BREXIT – a vision with benefits for the few who can cope

By | June 13, 2016

Most important decisions taken at popular level about political direction are about the image of a future we want, rather than a secure prediction about what it will be like. This is why, unless there is major discontent on the economic front, perspectives on issues that speak to emotions such as safety and security, justice in society, and access to sustainable ways of organising our lives for today’s and future generations, from education to health and the environment are important for campaigns. The UK debate on the future of the country within or outside the EU is no different.

The Remain campaign started with one of the most solid foundations you could wish for. The European project, with all of the flaws of the EU bureaucracy, has delivered great dividends with on an unbeaten run of more than 70 years of peace. It has built this story on an expanding and, given the differences and divisions in Europe, extraordinarily magnanimous vision of mutual solidarity and ideals of equality. The vast majority of its common funds and policy initiatives were and are dedicated to the regeneration and support of people in society, regions and countries most in need, including some neglected by national governments, while ensuring the stability of the whole. This has enabled other central government spending of governments in the UK and elsewhere to be dedicated to other key areas of public goods including health and education. The common social, employment, safety, health and environmental standards benefit those that have least bargaining power in their national societies. The EU offers a vast and calculable open access market for all things and services the UK wants to export and freely trade in. The EU is a market for innovative high-end products and services, not sweatshops and low grade industry. Its peoples produce goods and work under standards that are the envy of most workers around the world.

The Leave campaign offers in contrast a combination of negative assessment of the EU’s contribution to the development of the UK, and the sugar-rush excitement of the positively unknown prospects of growth in trade and engagement with what in many ways is put forward as the New World: the emerging economies such as China, India, Russia, Brazil, and South Africa and others, as well as the more known but certainly very munificent powers such as in the North American Free Trade Area.  It suggests that individual deals with new trading partners will be concluded swiftly and to a greater advantage for the the UK. EU inertia is counted on to maintain important elements of a relationship with the EU, such as the access to the single market for capital, goods, services and UK citizens (but not for people seeking to come into the UK). On a wide range of areas of national spending the Leave campaign suggests that the savings of costs in EU contributions will enable higher investment for instance in health care or education. The campaign proposes that by removing the UK from the EU, it will be able to control immigration in ways that would be more conducive to the UK than they are portrayed to be at present.

With all general reluctance to intervene in a UK debate about the future international relations of the country, virtually every international commentator, international public and private not-for-profit institutions, as well as many international corporate businesses have argued the case for a continued membership of the UK in the EU. The main two arguments are first, that the economic benefits of being part of the EU outweigh any suggested savings on contributions many times over. Second, and perhaps more important, the shared assessment is that a free-for-all globalisation has been a driver for rising inequalities, globally as well as within many countries, rich and poor.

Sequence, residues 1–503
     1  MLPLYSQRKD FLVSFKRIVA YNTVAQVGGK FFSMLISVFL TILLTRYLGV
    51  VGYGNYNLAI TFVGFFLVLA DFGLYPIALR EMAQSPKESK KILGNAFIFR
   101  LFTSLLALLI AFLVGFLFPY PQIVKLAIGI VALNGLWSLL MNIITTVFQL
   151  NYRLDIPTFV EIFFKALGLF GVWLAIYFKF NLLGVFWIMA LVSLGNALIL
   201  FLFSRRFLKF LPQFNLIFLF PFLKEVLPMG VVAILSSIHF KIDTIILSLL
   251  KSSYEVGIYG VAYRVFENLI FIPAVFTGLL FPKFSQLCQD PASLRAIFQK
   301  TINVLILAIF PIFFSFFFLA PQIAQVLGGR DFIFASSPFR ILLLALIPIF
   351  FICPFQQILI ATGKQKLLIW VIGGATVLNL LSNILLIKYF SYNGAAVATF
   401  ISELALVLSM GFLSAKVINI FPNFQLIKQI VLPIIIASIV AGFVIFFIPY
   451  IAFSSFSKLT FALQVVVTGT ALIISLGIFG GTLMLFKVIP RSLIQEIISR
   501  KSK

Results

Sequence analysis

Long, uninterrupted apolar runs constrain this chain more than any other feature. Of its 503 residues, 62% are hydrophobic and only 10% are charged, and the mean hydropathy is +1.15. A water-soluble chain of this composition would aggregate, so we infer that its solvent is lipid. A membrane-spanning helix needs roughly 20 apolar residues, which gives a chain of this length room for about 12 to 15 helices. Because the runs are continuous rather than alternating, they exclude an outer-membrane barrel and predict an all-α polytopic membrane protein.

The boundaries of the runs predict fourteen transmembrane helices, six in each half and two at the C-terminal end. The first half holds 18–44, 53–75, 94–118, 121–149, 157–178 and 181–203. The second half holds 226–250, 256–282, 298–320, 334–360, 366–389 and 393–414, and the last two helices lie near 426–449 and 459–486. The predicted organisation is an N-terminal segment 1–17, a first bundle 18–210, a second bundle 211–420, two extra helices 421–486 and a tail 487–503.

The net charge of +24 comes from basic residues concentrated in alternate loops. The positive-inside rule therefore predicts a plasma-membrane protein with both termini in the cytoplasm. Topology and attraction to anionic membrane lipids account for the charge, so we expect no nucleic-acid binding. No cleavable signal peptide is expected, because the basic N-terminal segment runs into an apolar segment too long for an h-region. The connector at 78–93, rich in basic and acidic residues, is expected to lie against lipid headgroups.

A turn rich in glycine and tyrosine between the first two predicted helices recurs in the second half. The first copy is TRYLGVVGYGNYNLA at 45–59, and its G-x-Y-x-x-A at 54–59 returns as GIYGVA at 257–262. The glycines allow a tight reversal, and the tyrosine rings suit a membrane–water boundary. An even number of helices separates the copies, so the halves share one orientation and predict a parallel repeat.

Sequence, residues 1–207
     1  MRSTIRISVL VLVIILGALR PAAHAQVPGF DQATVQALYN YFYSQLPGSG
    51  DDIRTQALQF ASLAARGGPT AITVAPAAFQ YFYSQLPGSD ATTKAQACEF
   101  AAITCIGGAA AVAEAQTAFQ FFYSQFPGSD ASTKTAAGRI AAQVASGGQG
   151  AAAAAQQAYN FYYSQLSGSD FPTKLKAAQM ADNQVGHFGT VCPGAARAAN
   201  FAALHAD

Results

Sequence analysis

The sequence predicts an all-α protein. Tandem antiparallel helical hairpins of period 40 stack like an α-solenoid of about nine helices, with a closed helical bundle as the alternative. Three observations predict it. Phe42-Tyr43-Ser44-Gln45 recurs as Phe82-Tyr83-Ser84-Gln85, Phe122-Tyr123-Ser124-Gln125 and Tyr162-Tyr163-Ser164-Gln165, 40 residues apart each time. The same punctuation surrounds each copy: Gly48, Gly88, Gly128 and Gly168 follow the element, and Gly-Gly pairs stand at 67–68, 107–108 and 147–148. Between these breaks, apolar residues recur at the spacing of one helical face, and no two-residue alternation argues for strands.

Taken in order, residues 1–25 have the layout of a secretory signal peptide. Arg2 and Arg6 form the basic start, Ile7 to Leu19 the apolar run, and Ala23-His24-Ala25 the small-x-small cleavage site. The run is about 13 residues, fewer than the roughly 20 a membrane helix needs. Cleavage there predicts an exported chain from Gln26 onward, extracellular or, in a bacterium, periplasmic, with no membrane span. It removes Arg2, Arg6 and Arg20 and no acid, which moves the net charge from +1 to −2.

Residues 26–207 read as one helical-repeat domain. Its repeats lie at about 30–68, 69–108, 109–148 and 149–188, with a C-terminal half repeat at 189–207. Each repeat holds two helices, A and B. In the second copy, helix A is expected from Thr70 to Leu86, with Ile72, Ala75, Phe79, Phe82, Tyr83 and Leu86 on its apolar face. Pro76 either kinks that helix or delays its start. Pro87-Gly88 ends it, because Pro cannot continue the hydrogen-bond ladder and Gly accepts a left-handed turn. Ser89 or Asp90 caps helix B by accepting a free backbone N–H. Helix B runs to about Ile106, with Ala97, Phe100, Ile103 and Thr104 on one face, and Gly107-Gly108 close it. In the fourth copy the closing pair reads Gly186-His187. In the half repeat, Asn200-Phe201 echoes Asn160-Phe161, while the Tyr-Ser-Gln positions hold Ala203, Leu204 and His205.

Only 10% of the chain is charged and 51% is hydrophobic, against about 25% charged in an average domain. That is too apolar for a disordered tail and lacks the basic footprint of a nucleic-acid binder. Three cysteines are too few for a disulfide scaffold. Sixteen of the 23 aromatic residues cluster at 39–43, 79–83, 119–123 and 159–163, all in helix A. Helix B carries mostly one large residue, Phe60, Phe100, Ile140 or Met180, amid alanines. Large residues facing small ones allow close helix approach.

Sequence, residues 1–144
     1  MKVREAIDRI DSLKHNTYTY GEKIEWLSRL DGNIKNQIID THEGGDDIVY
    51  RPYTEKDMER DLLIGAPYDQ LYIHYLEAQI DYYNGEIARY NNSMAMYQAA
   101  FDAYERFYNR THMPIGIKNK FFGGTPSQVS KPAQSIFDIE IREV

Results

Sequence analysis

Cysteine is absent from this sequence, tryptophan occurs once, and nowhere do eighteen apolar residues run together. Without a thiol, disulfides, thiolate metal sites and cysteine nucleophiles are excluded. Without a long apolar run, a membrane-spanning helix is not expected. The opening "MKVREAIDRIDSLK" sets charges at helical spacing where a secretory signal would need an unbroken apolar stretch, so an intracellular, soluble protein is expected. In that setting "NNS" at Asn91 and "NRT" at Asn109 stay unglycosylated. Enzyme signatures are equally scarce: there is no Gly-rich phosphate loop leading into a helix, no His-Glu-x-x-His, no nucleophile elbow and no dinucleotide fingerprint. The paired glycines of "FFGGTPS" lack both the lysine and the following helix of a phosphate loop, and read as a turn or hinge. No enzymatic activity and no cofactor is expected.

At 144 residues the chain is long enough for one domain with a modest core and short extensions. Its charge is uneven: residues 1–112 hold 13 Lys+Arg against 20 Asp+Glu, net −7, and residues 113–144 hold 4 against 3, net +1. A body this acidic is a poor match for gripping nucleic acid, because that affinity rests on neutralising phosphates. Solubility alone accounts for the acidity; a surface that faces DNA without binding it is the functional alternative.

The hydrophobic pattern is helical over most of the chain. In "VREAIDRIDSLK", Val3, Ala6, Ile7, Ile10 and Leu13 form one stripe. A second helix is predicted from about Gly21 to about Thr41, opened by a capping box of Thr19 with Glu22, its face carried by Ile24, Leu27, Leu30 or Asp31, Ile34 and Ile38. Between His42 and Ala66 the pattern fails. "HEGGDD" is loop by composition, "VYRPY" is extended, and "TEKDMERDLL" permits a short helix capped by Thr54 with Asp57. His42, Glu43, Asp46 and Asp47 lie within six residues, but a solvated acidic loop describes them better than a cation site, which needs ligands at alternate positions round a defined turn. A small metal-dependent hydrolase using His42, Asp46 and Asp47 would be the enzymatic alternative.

The proposition of the Leave campaign is greater national gain based on even further unfettered trade in high-yield goods and services and the ability for a country such as the UK to negotiate its position better on its own. It is doubtful whether this will work in company of strongly self-interest driven nations that outsize the UK today or tomorrow significantly, such as India, China, Russia and the USA. This is no cosy Commonwealth Club which somehow accepts a British lead. The reality is that successfully developing opportunities in such highly competitive settings mainly works for those in any society with the means to capitalise privately on the opportunities of the global market. Those with limited personal capital and bargaining power, which are the majority of people in Britain and the world over, are inevitably even more exposed to the swings of the global market in such a ‘new deal’.

Few countries have experienced full liberalisation of relationships and transfer of capital, goods and services to be a recipe for building national cohesion and prosperity for all. In a world of more and more interconnected lives and futures, mutual solidarity and support as part of globalisation is what is needed more than ever. Globalisation has the potential for benefitting the many if more efforts are made to integrate decision-making in ways that involve the many and looks at the sustainability of their lives and futures. This demands functioning and democratically accountable global and regional institutions, and a commitment to compromise and shaping futures together. So the effort has to go towards reform of these institutions, not towards disengagement from them or even their abolition. A vision of a future which relies solely on the power of those who can shape it, will inevitably favour prosperity for the few. What kind of world are we modelling?

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